ndsucpr_L_sm_PP.jpg (12427 bytes)
ppathology_Logo_Lg.jpg (11328 bytes)

ISSUE 5  JUNE 3, 1999



    Dr. Jim Miller, USDA cereal rust pathologist, Fargo, reported seeing wheat leaf rust on
May 27 at Casselton. He found trace levels of leaf rust on the lower leaves of Norstar winter
wheat planted in the experimental plots at the Agronomy Seed Farm. The winter wheat was in the
jointing stage.



    Four individuals have been hired by the NDSU Extension Service to survey for diseases and
insect pests on crops in North Dakota. The survey will concentrate on wheat, but canola and
sunflowers also will be surveyed for some major pests. The crop scouts will cover the entire state
this year, which will provide us much needed information about the distribution, incidence and severity
of our major pest problems on these crops in the state.

    The four individuals hired to survey are:
a) Amy Dukart, from Manning, ND. Amy will be a third year student at Dickinson State University,
and just completed Dickinson’s two year Agriculture program. Amy will be working with Roger
Ashley, Area Agronomist at the Dickinson REC; b) Jerry Schneider, originally from Napoleon, ND.
Jerry currently is a middle school and high school computer instructor in Carrington. Jerry will be
working with Greg Endres, Area Agronomist at the Carrington REC; c) Brittany Sund, from Newburg,
ND. Brittany will be a senior at NDSU, majoring in Crop and Weed Science. Brittany will be working
with Jan Knodel and Kent McKay at the Minot REC; d) Jerry Ries, from Tower City, ND. Jerry is a
recent graduate of NDSU in the Crop and Weed Science program. Jerry will be working with Marcia
McMullen at the Fargo Exp. Station. Each surveyor will be responsible for scouting crops in a 11 to 15
county wide area.

    In addition to the above efforts, Jeremy Pederson, NDSU Extension Research Specialist, will
be surveying barley for diseases in 1999. He will be looking at previous crop history and its affect on
disease, and will be surveying primarily in the eastern half of ND.



    The NDSU Extension Circular PP-622 "1999 Field Crop Fungicide Guide" is now available on the NDSU Extension Internet Web Site. The specific address is:


    Art Lamey and I have also included the Section 18 products available on some crops in ‘99.

Marcia McMullen
Plant Pathologist/IPM Coordinator



    The Environmental Protection Agency granted a section 18 for the use of Tattoo C on potatoes for
control of late blight. Tattoo C may be applied by ground, chemigation or air at a maximum rate of
2.3 pints/A. There is a 14 day PHI (pre harvest interval). The section 18 approval indicates that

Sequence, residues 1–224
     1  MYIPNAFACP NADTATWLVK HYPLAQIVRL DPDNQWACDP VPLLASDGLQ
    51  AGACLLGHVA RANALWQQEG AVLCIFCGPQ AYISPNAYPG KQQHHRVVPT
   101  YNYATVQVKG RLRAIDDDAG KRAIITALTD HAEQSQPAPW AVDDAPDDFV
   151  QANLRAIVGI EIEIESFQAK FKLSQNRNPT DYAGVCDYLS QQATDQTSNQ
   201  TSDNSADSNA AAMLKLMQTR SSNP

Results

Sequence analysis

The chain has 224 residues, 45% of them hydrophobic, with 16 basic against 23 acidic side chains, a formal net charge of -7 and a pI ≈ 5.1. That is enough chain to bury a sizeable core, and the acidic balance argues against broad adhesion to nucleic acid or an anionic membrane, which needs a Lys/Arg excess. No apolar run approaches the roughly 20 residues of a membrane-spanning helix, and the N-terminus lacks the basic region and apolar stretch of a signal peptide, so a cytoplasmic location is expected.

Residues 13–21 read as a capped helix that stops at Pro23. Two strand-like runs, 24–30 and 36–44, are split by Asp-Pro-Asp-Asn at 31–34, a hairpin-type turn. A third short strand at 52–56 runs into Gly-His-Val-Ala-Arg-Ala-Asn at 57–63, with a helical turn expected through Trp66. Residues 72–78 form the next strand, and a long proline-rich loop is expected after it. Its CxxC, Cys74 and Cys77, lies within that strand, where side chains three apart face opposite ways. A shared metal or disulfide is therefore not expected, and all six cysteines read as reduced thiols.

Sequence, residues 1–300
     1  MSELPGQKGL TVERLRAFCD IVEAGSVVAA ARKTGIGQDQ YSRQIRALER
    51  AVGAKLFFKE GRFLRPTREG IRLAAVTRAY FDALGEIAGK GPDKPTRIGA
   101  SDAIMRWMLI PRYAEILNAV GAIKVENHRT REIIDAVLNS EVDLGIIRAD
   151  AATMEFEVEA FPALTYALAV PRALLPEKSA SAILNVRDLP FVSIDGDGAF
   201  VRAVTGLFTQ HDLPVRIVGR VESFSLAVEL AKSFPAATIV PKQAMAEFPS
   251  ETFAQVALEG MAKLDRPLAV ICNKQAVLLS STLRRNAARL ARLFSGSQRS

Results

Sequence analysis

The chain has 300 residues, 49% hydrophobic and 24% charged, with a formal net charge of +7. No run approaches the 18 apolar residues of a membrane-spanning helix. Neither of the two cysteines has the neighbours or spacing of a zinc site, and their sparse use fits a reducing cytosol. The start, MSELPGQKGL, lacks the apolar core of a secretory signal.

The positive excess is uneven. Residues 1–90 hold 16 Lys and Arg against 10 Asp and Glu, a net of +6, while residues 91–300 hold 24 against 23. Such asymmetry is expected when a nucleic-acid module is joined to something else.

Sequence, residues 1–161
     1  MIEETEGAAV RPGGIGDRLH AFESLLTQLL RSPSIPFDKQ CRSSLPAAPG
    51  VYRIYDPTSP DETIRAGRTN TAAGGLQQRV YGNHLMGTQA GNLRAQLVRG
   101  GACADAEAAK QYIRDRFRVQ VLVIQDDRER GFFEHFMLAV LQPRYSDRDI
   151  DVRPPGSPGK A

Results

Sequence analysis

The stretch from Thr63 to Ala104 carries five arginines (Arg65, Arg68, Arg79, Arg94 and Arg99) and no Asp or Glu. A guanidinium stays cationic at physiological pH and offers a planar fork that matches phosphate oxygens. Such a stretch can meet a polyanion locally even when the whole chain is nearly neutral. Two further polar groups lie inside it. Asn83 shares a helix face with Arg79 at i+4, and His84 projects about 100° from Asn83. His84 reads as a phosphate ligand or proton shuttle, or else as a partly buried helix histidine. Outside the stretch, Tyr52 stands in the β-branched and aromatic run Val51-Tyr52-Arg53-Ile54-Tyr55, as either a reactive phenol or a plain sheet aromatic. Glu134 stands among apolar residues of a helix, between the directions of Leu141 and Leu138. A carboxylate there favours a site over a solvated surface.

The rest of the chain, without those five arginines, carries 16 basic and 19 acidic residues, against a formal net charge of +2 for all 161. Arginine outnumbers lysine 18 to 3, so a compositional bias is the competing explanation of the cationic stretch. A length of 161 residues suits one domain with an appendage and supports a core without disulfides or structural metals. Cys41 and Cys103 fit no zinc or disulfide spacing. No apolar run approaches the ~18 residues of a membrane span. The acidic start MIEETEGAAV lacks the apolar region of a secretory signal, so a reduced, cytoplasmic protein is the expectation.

Tattoo C should be applied only in situations when registered fungicides would not provide suitable
disease control, such as when plants are actively growing and the threat of moderate to severe disease
pressure exists. Winter wheat cannot be planted within 30 days of the last application of Tattoo C. Any
crop can be planted within 4 months of the last application, so there would be no rotational considerations
for the year 2000.

    With regard to the stated section 18 comments about when to use Tatoo, I believe that it should be
used only when the plants are actively growing. This assures adequate uptake of the fungicide and
translocation to new growth, providing protection of new growth. Protection of new growth on actively
growing plants is often one of the significant challenges in disease control; the ability to protect new foliage
is a unique feature of Tattoo C. For best results, Tattoo C should be used as a preventive.



   The potato late blight hot line began operation on Wednesday, June 2, 1999. It will be available
by calling an 800 number (to be announced later) in the Dakotas and Minnesota. It is available
anywhere by calling 651-696-2263, which is a long distance call outside the Twin Cities. Potato disease
management tips with an emphasis on late blight and early blight will be updated three times a week on
Monday, Wednesday, and Friday. All recommendations will be made by Dr.Gary Secor and Dr. Neil
Gudmestad, Department of Plant Pathology, NDSU. Recommendations are also available on their web site:




    Reed Agricultural Services in Saskatoon, SK provides petal test kits for determining the infection
potential of Sclerotinia in canola. Most infections occur on the petals. The kits provide a means of
culturing petals in petri plates on a medium suitable for Sclerotinia. An instruction booklet can be
purchased that gives details on performing the test and includes color photos on reading the results.
The kit also contains sclerotia which are plated along with the petals for a positive check of Sclerotinia.
The cultured petals can then be compared to the positive check.